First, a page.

Children, whether with or without their families must never be detained because it is never in their best interests and is a violation of their rights. Community-based alternatives to detention prove to be much more effective, less costly to the State and should be used. At borders, unaccompanied and separated migrant and refugee children should be swiftly identified, referred to national protection authorities and either reunited with family members in the country of destination or provided with quality guardianship or community-based settings where their individual health, psychosocial and educational needs can be met.
In Australia, ICMC members have played a key role in advocating for the release of minors being held in detention centers while waiting for an outcome of their asylum application – a potentially very lengthy process. A group of organizations, including the Jesuit Refugee Service, proposed alternatives to the incarceration of unaccompanied minors, including community detention, which allows a certain amount of freedom and restores some normalcy to their lives. The mental health of migrants held in community detention was better than that of those incarcerated. Their limited freedom also allowed them to become familiar with the country’s culture and language, facilitating the integration of those whose asylum claim was accepted.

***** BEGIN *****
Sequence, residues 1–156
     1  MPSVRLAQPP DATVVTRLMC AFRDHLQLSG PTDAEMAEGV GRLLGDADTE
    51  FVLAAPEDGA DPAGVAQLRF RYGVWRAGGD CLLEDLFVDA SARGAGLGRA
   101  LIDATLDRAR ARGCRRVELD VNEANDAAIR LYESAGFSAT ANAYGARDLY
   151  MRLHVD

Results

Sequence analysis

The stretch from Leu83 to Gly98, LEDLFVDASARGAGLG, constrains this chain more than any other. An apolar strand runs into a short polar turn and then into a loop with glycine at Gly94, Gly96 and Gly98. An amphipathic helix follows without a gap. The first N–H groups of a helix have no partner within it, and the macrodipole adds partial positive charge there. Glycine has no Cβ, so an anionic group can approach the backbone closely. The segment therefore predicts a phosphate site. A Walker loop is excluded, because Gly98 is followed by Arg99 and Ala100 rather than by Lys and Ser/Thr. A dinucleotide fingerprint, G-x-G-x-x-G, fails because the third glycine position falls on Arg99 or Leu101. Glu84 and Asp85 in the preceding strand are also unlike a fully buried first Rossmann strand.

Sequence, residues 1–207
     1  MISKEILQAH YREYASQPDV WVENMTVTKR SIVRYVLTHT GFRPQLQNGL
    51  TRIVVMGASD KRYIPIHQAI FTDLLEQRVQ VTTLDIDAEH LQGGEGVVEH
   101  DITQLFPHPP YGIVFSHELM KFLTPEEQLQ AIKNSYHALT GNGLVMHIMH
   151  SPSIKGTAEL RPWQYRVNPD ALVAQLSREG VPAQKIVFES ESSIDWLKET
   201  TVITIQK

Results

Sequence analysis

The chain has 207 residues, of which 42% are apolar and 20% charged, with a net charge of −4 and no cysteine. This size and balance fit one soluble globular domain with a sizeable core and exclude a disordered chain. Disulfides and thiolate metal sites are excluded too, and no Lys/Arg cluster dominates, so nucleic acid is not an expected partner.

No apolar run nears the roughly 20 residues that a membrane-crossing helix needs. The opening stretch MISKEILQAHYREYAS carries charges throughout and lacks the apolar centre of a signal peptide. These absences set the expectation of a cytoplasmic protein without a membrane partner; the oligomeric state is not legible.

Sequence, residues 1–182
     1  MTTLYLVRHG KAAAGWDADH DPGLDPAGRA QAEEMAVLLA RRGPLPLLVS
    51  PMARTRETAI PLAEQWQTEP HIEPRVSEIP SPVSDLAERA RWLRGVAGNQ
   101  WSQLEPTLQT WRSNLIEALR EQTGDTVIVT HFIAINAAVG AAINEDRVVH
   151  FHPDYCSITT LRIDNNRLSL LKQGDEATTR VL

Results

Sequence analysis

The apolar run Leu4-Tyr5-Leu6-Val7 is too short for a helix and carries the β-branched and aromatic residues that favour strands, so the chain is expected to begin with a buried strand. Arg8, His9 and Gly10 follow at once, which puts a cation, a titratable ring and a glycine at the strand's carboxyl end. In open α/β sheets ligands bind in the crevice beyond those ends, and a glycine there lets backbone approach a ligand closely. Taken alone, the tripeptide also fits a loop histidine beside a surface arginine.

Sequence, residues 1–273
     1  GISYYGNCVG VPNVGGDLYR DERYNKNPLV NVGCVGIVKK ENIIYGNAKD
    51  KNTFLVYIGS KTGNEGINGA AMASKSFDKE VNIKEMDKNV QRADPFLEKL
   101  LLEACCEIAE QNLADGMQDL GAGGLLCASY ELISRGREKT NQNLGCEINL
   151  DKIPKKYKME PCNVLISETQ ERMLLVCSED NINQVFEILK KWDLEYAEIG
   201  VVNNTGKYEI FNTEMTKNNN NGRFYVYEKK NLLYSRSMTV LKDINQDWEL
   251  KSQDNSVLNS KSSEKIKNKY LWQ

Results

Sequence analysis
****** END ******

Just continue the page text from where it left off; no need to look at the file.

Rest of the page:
Upholding Refugee and Migrant Children’s Right to Education
Refugee and migrant children have a right to access education at all times. And yet, refugee children are five times more likely to be out of school than non-refugee children. Only 50% of the global total of refugee children have access to primary education, compared with a global level of more than 90%.
As refugee children get older, the gap becomes much wider: 84% of non-refugee adolescents attend lower secondary school, but only 22% of refugee adolescents have that same opportunity. At the higher education level, just one per cent of refugees attend university compared to 34% globally.
While the right to education for migrant children is recognized in many international and regional Conventions, there is a wide gap between the policy and the practice. Access to education for children, regardless of the migration status, is a key aspect of ICMC advocacy work.